Idealism Definition: The objects of our perception are mind dependent objects Berkeley: ‘Three dialogues between Hylas and Philonous’ (Philonous is the voice of Berkeley) He claims that all that exists are minds and what they percieve The argument for Idealism (everything we percieve is mind dependent): * Through vision we percieve colours, shapes, size etc.: through hearing, sounds, through smell, odours-and so on. Each sense perceives particular types of qualities. * When we percieve physical objects, we don’t percieve anything in addition to its primary and secondary qualities * Therefore, everything we percieve is either a primary or a secondary quality. * Both primary and secondary qualities are mind-dependent C Therefore, nothing that we percieve exists independently of the mind: the objects of perception are entirely mind-dependent. One way to challenge Berkeley is to reject this point by arguing that what we percieve is are the physical objects in themselves, not just their qualities …this means that the qualities we perceive are produced by the objects themselves and not our mind.
One way to challenge Berkeley is to reject this point by arguing that what we percieve is are the physical objects in themselves, not just their qualities …this means that the qualities we perceive are produced by the objects themselves and not our mind.

Argument 1: You cannot think of an object with ONLY primary qualities Locke rejects this – he gives the example of odourless, colourless glass
Locke rejects this – he gives the example of odourless, colourless glass
We cannot perceive an object with only primary qualities. This means that our perception of primary and secondary qualities is inseparable. If SQ are mind dependent then PQ must also be mind dependent.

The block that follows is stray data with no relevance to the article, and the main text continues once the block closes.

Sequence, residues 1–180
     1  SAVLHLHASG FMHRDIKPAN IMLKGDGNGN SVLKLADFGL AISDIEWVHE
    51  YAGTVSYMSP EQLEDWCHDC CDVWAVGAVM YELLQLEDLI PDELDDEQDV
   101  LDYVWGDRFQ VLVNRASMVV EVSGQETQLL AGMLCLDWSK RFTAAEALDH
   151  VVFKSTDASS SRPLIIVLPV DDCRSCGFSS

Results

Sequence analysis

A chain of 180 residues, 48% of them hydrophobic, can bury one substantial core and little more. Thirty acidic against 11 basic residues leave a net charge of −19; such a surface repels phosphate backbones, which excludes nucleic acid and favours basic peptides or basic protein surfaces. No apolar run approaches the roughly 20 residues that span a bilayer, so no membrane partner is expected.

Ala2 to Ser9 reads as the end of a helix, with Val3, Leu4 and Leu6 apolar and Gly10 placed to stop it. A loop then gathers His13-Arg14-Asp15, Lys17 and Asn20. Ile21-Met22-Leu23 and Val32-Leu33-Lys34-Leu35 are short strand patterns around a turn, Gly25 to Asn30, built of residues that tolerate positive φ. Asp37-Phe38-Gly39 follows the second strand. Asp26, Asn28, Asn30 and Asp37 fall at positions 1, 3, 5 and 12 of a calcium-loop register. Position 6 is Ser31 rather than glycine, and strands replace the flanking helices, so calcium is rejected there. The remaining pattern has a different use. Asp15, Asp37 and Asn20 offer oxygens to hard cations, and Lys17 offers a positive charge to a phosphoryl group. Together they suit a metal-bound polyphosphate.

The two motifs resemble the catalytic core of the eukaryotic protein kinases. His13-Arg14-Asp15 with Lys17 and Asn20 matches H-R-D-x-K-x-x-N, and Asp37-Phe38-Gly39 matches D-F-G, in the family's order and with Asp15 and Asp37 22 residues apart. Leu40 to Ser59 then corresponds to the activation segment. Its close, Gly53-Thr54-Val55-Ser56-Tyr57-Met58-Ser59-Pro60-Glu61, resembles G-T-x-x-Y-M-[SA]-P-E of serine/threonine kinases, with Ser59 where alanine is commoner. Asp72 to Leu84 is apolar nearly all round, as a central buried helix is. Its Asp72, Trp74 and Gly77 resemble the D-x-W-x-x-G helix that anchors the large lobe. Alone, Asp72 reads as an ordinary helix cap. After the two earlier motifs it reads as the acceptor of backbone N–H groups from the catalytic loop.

However if we accept Locke’s example then Argument 1 is no convincing

Argument 2: Experience shows that the concept of matter is incoherent
Berkeley agreed with Locke that all concepts must come from experience, if the concept cannot be traced back to an original experience then it is not coherent.
IR argues that matter exists, but that it is beyond our experience, it lies beyond the veil of perception. It causes our experience but cannot be experienced.
Berkeley argues that if it is beyond our experience then we cannot claim to have a concept of it….it is incoherent.

To say that an apple has a particular smell, taste, colour and sound it to say no more than the apple is a cluster of ideas or sense impressions. – these are mind dependent.

Argument 3: Experience leads to idealism * All we perceive are primary and secondary qualities, not mind independent physical objects. * Therefore, our experience cannot verify the hypothesis that there is a mind independent physical world. * Worse still, the hypothesis of physical substance is not one that is even suggested by experience. * So close attention to experience supports the claim that all there is; is what we can experience. * What we experience are ideas